Guardia di Finanza: Bonanza find.
The two men, reported to be more than 50 years old, were traveling by train from Italy to Switzerland on June 3. Financial police at a control on the border found the documents tucked inside a closed section at the bottom of their suitcase, separate from their personal items. According to their statement, the men's luggage included 249 government bonds worth $500 million and 10 so-called Kennedy bonds, each worth a billion dollars.

But details of the case remain unclear: The Japanese embassy in Rome confirmed the arrest of the two men but the news agency Bloomberg reported on Friday that it was not yet established whether they were Japanese citizens.

It yet to be seen whether this is the biggest smuggling scandal in history -- or a massive fraud. Italian officials said they were still checking the authenticity of the bonds.

Thursday, June 11, 2009

Feds freeze bank accounts of online poker players "I can't believe the government is reaching into people's bank accounts like this," he said. "For a lot of serious players this is their lifeblood. This is how they make ends meet."

Wednesday, June 10, 2009

Fed hires veteran lobbyist By Mark Felsenthal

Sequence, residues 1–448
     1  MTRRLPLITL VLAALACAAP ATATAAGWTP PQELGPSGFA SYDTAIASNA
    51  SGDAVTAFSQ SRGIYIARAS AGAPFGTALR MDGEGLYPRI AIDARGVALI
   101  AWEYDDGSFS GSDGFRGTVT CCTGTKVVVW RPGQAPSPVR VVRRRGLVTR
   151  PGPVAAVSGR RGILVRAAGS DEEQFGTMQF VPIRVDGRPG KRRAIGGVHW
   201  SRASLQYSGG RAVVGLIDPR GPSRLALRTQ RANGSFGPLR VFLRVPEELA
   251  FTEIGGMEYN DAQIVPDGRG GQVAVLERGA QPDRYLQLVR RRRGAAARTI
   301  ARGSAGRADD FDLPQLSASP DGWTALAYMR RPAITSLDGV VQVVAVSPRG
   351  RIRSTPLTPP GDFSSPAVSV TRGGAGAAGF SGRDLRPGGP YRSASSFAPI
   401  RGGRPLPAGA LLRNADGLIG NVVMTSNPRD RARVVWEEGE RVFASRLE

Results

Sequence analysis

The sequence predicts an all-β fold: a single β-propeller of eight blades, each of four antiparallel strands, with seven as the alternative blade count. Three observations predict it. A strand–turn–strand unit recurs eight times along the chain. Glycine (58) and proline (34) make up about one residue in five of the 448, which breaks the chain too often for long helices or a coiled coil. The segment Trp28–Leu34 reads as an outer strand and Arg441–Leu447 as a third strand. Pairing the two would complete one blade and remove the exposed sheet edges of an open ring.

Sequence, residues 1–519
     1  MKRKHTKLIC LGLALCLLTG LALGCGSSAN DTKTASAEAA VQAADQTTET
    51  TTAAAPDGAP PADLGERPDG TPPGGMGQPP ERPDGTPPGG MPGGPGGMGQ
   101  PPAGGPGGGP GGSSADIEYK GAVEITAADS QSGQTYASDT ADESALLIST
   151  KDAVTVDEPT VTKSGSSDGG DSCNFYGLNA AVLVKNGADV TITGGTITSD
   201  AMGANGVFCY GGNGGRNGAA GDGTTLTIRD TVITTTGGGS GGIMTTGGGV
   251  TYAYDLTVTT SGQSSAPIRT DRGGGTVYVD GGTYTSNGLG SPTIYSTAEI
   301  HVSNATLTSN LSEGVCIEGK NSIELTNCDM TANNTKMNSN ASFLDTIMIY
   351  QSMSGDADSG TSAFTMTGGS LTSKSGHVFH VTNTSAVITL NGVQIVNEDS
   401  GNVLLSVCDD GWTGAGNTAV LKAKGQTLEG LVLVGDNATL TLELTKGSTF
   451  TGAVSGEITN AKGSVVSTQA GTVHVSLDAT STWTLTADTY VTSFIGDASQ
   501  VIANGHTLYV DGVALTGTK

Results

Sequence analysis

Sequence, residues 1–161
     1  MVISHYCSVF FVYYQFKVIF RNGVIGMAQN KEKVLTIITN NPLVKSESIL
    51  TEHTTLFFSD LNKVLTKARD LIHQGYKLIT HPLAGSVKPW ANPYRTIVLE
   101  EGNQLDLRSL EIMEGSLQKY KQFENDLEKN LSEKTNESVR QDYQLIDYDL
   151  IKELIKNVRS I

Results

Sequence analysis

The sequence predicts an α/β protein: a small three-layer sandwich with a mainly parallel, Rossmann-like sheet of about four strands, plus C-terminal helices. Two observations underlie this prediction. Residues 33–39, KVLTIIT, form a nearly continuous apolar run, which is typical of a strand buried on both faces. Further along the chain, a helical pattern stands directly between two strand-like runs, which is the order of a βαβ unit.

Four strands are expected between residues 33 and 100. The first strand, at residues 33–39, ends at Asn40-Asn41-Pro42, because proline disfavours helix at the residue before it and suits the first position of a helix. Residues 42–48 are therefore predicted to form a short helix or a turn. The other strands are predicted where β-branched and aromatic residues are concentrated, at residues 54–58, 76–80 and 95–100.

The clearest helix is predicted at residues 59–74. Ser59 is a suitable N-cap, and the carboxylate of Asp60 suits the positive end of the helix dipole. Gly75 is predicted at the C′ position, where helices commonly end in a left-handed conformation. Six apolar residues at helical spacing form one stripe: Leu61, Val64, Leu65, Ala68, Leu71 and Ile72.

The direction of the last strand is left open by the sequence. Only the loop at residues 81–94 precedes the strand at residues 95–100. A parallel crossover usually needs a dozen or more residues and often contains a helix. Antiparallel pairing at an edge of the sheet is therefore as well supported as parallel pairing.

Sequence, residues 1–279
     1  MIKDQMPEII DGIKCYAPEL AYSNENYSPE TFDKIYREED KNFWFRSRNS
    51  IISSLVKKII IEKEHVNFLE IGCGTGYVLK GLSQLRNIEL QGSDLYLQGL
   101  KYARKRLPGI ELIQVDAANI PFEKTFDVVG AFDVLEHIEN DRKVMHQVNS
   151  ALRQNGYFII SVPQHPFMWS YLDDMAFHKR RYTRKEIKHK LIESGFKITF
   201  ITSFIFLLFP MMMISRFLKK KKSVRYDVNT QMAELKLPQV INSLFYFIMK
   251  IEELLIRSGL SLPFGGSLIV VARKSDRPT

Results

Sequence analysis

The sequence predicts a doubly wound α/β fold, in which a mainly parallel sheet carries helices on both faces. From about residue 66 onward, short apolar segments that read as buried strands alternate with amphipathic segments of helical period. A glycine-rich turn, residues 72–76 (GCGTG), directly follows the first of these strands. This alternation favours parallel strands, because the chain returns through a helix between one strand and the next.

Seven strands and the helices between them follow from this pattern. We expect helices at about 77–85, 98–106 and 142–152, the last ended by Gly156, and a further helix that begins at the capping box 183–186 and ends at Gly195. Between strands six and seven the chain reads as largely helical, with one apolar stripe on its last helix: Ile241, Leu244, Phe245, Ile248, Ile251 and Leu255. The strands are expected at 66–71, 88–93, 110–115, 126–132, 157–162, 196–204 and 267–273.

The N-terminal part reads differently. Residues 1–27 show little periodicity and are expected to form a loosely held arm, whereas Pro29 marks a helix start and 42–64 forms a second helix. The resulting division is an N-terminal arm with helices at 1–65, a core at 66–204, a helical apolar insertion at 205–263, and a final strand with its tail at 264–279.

WASHINGTON (Reuters) - The U.S. Federal Reserve is on track to hire a veteran lobbyist to help manage its relations with Congress at a time of heightened attention to its role in national affairs, a source familiar with the situation said on Friday.

The Fed plans to hire Linda Robertson, who previously worked for now-defunct energy company Enron, as well as the Clinton administration.

She is currently head of government, community and public relations at The Johns Hopkins University in Baltimore, said the source, who spoke on condition of anonymity because the hiring process was not complete.

The Fed believes it will be useful to add to its resources at a time when there is great public and congressional interest in the institution, the source said.

The U.S. central bank has been at the forefront of government actions to limit damage from the financial crisis that began in August 2007 and the impact of the deep recession that began in December of that year.